October 2, 2000 5:00 AM PDT

Sun dreams of slimmer Jini

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Sun Microsystems is scaling back its Jini software intended to network everything from kitchen appliances to cell phones, adding a stripped-down version more likely to work on today's gadgets.

Gartner analyst Mark Driver says that transformational leaps in network computing never occur at blink-of-an-eye speeds and that the much-ballyhooed Java Jini software is a case in point.

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Sun's Jini software initially was designed to allow gadgets such as printers, cars, cameras or heart monitors to easily form networks to share services such as printing or accessing data. But Sun's hopes for Jini-enabled gadgets arriving in 1999 proved to be overambitious, as developers struggled with the difficulties of cramming Jini and its required software underpinnings into devices with limited memory and processing power.

Sun hopes to have more success with the addition of a Jini "surrogate architecture," said Jini marketing manager Franc Romano. The surrogate architecture is midway between full-blown Jini and the Jini "proxy" capability that allows processor-free devices like light switches to hook up to Jini networks, he said.

Romano declined to guess when Jini-enabled devices will actually arrive, but he predicted that the surrogate architecture would hasten the day.

"We have to wait for devices that have limited capability to evolve to the point where they can run Jini at least in native mode," Romano said.

Jini is one of a number of technologies emerging to try to tie together increasingly powerful gadgets. Sun's biggest competitor, Microsoft, is pushing its own Universal Plug and Play (UPnP) system. Windows Millenium Edition (Me), which shipped last month, is the first Microsoft operating system to include support for UPnP. Microsoft claims that it has shipped more than 250,000 copies of Windows Me since its release.

Microsoft argues that one UPnP advantage is that it uses standard Internet communications methods instead of requiring use of Sun-controlled software. Sun counters that UPnP, for all its purported independence from PCs, is still designed to further a Microsoft-centric world.

Like Sun, Microsoft envisions a future where ordinary household appliances, such as coffeemakers, are intelligent devices that communicate with one another over a network. Microsoft claims that manufacturers are already designing devices that can communicate with Windows Me and its future UPnP-enabled operating systems. Such communications could result in VCRs that can stream video throughout a home, or thermostats that know to turn the heat down when the family is on vacation.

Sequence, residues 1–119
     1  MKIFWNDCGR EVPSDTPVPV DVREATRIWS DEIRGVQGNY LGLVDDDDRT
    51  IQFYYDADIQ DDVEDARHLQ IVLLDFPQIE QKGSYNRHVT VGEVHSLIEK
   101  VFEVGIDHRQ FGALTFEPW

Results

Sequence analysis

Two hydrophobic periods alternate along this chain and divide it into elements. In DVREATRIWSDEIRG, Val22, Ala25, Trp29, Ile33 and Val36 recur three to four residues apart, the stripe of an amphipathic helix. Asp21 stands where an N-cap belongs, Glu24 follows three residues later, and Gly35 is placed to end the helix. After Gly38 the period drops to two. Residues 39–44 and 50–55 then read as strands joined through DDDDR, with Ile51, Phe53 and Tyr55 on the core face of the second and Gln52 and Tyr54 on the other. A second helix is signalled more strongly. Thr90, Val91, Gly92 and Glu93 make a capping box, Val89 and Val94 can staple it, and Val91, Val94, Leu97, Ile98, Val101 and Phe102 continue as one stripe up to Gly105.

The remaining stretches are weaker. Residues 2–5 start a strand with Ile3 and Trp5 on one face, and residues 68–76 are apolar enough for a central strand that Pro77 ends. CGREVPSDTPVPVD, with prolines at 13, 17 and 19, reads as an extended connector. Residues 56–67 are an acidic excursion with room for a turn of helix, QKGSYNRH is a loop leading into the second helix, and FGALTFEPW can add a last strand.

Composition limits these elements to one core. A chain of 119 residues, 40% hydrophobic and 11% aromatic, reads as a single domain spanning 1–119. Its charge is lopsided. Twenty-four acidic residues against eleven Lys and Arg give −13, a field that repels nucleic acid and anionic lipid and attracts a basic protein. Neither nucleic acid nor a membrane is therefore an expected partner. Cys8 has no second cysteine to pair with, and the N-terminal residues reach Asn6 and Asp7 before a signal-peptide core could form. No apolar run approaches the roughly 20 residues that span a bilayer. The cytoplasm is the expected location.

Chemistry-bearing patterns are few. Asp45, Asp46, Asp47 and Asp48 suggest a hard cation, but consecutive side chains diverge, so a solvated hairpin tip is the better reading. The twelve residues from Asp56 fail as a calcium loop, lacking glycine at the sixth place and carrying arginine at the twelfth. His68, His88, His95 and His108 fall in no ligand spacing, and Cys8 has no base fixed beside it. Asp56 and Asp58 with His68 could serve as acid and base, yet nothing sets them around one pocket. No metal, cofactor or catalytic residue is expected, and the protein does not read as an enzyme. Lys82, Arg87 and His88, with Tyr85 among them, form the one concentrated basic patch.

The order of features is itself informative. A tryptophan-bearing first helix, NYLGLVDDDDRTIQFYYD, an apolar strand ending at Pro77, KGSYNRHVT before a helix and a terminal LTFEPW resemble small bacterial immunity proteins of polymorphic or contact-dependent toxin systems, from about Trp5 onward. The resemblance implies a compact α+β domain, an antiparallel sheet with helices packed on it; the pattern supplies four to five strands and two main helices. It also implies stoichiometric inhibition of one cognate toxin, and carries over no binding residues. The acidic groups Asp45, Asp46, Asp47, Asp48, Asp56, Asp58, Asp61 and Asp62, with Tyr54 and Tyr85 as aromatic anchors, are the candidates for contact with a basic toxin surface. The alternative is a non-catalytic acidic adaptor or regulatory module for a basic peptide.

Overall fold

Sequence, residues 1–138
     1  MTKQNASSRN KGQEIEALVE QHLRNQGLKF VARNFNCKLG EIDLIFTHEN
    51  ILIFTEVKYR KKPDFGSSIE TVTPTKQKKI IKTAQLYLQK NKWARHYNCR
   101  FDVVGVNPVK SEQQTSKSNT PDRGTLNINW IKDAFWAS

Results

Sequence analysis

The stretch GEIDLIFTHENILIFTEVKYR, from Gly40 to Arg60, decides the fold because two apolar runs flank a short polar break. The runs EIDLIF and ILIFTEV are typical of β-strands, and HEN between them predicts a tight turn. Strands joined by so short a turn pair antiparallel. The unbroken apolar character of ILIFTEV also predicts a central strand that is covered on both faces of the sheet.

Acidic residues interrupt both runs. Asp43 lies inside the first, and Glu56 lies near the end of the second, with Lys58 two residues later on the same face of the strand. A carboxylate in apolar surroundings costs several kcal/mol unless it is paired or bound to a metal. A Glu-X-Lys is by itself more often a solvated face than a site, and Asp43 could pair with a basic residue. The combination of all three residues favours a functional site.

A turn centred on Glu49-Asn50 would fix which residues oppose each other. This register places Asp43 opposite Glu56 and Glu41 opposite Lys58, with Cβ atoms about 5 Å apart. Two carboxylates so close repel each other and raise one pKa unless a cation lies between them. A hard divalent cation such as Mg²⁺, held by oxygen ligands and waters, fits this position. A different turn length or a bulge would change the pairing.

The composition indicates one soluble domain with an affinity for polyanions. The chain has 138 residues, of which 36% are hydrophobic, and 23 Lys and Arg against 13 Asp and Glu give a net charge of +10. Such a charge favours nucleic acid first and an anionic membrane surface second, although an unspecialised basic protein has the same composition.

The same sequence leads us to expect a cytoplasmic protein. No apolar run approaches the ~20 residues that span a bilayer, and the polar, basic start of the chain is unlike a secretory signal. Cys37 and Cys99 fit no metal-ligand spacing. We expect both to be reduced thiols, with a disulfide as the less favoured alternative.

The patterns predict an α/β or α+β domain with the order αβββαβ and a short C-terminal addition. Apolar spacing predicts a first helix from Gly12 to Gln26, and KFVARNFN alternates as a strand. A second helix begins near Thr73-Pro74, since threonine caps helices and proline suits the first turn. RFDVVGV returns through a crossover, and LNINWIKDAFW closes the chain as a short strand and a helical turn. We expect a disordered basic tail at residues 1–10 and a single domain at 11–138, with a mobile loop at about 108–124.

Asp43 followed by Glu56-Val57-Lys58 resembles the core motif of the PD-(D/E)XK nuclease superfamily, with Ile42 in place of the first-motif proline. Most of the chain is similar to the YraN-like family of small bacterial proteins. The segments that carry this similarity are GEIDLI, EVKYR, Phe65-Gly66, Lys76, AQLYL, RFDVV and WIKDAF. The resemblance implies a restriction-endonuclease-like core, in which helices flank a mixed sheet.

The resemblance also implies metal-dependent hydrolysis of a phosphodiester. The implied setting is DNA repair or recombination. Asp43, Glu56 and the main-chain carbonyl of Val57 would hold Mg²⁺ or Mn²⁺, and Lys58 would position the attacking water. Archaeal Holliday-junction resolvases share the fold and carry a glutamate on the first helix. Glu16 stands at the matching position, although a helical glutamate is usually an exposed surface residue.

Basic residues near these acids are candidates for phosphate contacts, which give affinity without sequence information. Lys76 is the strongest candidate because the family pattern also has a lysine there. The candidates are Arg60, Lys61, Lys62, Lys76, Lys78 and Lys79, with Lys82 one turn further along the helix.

Other competitors, such as Salutation, also are cropping up.

Sun and Microsoft care what technology is used in gadgets because it determines which computing systems will best interact with the devices. UPnP is an extension of existing Microsoft-Intel hardware designs, whereas Jini bolsters Sun's push to spread the Java programming language from the smallest device to the biggest server.

Jini's surrogate architecture enables devices to perform some basic Jini tasks, such as identifying themselves on a network and interacting with other devices, Romano said. But it doesn't require a "virtual machine," the core of Sun's Java software technique to enable programs to run on a wide number of computing devices without having to be rewritten for each one.

Jini's bottleneck Though a Java virtual machine (JVM) makes life easier for programmers writing software such as Web browsers or email clients that will run on lots of gadgets, a JVM also requires more computing power and memory, resources that increase a gadget's price tag and decrease its battery life.

The surrogate technology specification, currently in draft form but expected to be completed in the next three or four months, is one of a host of Jini developments from Sun.

At the LonWorld 2000 conference Oct. 18, Sun plans to release a new version 1.1 of Jini, Romano said. The new version comes with a number of "helper utilities," prewritten Jini software programs that Jini developers were having to write over and over.

Next year, Sun will add improved security features to an upcoming version of Jini, Romano said, including "remote authentication" features to let Jini devices identify themselves or keep other unauthorized devices from accessing their services.

In 1999, though, Sun said the improved security was planned for version 1.1.

One hurdle for using Jini in gadgets is that it requires Java software called Remote Method Invocation (RMI), but RMI currently doesn't exist in Sun's various flavors of Java 2 Micro Edition. Sun is working to bring RMI to Java 2 Micro Edition, Romano said.

Jini isn't just for gadgets. The software also works as a way for software services running on larger computers to announce themselves on a network. Software services has been the first area where Jini achieved some popularity, Sun has said.

Sun also is working on ways to get Jini to work better with large numbers of gadgets or software components. Currently, Jini devices register themselves and their capabilities in a table called "lookup service," but it's difficult to stitch together lookup services.

Sun hopes to spread programmer interest next year by holding the first Jini developers' conference, currently scheduled for early February on the West Coast, Romano said. Sun hopes to have 500 at the conference.

"We feel now with 30,000 licensees, we have a critical mass of developers out there who can benefit from having access to the architects and also from sharing what they're doing," he said. In addition, developers will be able to interconnect their Jini services to make sure they work together.

 

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